The True Cost of ATG’s Core Based Licensing

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This is a follow up from a post I made 8 months ago: Why ATG’s Core Based Licensing is Stupid

With the new Westmere hex-core CPU’s out now, the problem has gotten worse.  A mid-high or high end Westmere CPU presents as 12 cores.  So what does this really mean?

I just ran the numbers, and basically a mid-high end single CPU server in 2008 (Xeon 5450) would cost me 4 ATG cores worth of licensing, and would handle X amount of traffic.

A mid-high end single CPU server in 2010 (Westmere 5650) would cost me 12 ATG cores worth of licensing, and will only handle X+35 to 70% traffic (based on published SPECint, SPECint_rate, and SPECfp scores for the CPUs).

So it’s a 300% increase in costs to handle 35 to 70% more traffic.  Or just to provision with modern hardware.  That’s crazy.

By | 2017-05-18T15:15:54+00:00 October 12th, 2010|ATG|8 Comments

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8 Comments

  1. megapixel_installer October 18, 2010 at 1:40 am - Reply

    If you use a CPU server like Xeon, you shouldn’t be suprised with your costs, (also running costs, hidden costs etc) With the hex-core it is evident that your going to be looking at well over 300% more like 500% increas in all combined costs. This is a major traffic violation in my opinion.

    • Devon October 18, 2010 at 5:53 am - Reply

      Well, the ATG license costs eclipse your standard server related costs (power, racking, etc..) by several orders of magnitude. Unless I”m missing what you were talking about.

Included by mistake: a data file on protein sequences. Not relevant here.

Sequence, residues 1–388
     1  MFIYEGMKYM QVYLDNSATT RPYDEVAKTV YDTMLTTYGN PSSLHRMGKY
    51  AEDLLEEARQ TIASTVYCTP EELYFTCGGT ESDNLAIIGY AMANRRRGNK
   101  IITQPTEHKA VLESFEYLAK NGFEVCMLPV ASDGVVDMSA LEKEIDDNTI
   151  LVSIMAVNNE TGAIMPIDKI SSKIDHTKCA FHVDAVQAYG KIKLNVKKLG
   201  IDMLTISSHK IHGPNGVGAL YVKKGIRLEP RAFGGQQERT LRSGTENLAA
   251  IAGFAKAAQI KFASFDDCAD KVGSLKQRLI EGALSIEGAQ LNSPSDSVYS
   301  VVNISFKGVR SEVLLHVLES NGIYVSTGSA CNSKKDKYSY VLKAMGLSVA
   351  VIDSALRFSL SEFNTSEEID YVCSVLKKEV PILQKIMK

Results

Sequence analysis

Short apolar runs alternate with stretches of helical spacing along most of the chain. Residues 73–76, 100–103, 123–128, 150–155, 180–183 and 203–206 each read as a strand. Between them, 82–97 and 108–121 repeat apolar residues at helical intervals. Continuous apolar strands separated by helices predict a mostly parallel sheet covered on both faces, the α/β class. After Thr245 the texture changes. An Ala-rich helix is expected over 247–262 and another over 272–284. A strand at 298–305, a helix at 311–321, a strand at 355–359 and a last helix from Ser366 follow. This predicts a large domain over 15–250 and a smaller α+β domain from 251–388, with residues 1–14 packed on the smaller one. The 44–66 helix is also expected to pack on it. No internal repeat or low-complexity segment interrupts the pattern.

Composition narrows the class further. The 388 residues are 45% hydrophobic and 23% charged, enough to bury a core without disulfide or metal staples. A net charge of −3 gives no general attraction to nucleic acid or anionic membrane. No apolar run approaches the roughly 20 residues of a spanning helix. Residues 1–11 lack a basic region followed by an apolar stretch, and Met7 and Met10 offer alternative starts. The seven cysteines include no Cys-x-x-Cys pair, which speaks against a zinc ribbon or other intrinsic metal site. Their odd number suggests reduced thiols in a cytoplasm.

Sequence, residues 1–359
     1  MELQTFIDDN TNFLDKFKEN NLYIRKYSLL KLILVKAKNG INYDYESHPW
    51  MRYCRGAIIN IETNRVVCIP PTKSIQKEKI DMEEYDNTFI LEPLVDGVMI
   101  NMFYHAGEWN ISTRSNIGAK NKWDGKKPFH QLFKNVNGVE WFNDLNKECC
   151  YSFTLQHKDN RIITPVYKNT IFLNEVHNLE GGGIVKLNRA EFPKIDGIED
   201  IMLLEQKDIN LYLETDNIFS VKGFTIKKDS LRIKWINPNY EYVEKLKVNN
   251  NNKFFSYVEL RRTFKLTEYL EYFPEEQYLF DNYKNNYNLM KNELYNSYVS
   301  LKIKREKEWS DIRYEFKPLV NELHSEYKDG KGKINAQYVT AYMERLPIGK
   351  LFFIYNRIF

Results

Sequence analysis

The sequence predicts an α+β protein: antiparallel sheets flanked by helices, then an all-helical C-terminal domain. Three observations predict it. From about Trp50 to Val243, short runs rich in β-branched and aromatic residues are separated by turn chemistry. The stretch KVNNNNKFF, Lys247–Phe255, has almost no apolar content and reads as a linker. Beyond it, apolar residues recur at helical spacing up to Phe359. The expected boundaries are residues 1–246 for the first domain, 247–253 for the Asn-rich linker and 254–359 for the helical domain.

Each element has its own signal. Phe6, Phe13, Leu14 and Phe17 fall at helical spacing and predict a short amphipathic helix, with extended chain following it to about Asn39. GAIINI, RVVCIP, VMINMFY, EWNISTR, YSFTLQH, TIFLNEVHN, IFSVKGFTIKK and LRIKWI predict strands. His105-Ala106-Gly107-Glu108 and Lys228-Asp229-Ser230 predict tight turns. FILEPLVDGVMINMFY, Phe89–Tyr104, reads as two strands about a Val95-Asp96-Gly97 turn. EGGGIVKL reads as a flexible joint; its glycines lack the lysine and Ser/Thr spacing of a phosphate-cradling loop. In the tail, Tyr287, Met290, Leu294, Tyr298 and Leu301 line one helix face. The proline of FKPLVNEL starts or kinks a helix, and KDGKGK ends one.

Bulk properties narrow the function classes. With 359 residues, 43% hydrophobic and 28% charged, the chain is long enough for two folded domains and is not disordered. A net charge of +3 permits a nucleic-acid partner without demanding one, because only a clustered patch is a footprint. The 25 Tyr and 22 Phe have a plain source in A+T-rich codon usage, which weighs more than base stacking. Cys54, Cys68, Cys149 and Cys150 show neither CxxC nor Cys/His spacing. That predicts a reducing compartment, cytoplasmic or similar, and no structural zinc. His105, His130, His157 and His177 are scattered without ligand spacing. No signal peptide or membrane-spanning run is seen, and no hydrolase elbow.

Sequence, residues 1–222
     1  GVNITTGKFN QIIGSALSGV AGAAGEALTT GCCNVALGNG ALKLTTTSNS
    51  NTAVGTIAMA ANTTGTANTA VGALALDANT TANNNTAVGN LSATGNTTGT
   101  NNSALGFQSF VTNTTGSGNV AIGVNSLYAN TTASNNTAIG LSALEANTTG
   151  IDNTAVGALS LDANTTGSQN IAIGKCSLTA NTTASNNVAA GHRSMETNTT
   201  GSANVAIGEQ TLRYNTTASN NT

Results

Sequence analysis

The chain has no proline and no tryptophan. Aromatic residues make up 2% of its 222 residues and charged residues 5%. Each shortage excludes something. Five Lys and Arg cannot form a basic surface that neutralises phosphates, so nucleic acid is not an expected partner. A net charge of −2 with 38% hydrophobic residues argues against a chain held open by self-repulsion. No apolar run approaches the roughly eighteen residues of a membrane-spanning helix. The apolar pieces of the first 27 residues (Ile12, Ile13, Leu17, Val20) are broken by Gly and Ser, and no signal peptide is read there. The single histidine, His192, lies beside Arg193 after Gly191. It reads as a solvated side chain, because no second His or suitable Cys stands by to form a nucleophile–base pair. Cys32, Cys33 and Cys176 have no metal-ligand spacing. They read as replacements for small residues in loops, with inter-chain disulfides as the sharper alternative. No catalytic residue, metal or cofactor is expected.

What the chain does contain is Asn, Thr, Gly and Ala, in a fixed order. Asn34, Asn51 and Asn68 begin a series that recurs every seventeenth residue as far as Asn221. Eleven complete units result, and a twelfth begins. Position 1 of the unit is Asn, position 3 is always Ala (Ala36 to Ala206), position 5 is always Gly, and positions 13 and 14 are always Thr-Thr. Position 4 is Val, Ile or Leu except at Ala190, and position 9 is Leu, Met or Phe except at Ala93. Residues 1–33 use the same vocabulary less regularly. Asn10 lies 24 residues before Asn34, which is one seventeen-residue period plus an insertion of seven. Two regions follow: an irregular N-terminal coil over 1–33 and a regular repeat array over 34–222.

2. Samant January 16, 2011 at 8:04 am - Reply

    Does Magento have similar licensing issues ? Would appreciate if Devon or anyone throw some light on it ?

    • Devon January 16, 2011 at 2:51 pm - Reply

      Magento Enterprise Edition seems to price per server (which I read as physical host), so it seems like they are much more fair.

  3. Cctv Installers July 5, 2011 at 8:49 am - Reply

    Magento is definitely he way to go in my opinion.

    • Devon July 6, 2011 at 8:46 am - Reply

      I think Magento and ATG are really focused on two different markets and provide two different sets of features and strengths.

  4. Gary Pearce July 16, 2017 at 2:46 am - Reply

    So Devon what CPU server are you using now in 2017?

    • Devon July 16, 2017 at 10:28 am - Reply

      For clients who are still on the older core/processor licensing model, I really like the 1270 processor line. The v6 has great speed. For many clients in that universe the 1270 paired with 32 GB (or 64 GB for the v6) provides a nicely balanced compute unit of CPU and RAM, with lots of horsepower, that allows for 2+ nodes, giving HA and easy expandability (if licensing allows).

      For clients on the newer metrics based licensing model Oracle finally embraced, there’s more options, and the 2690 family has a lot of raw power, and coupled with larger RAM amounts can handle a lot of traffic, however in many cases I will still recommend using the 1270 based building blocks as it can provide for very fast, smaller, blocks, which can make scaling up and down around load much easier and cost effective.

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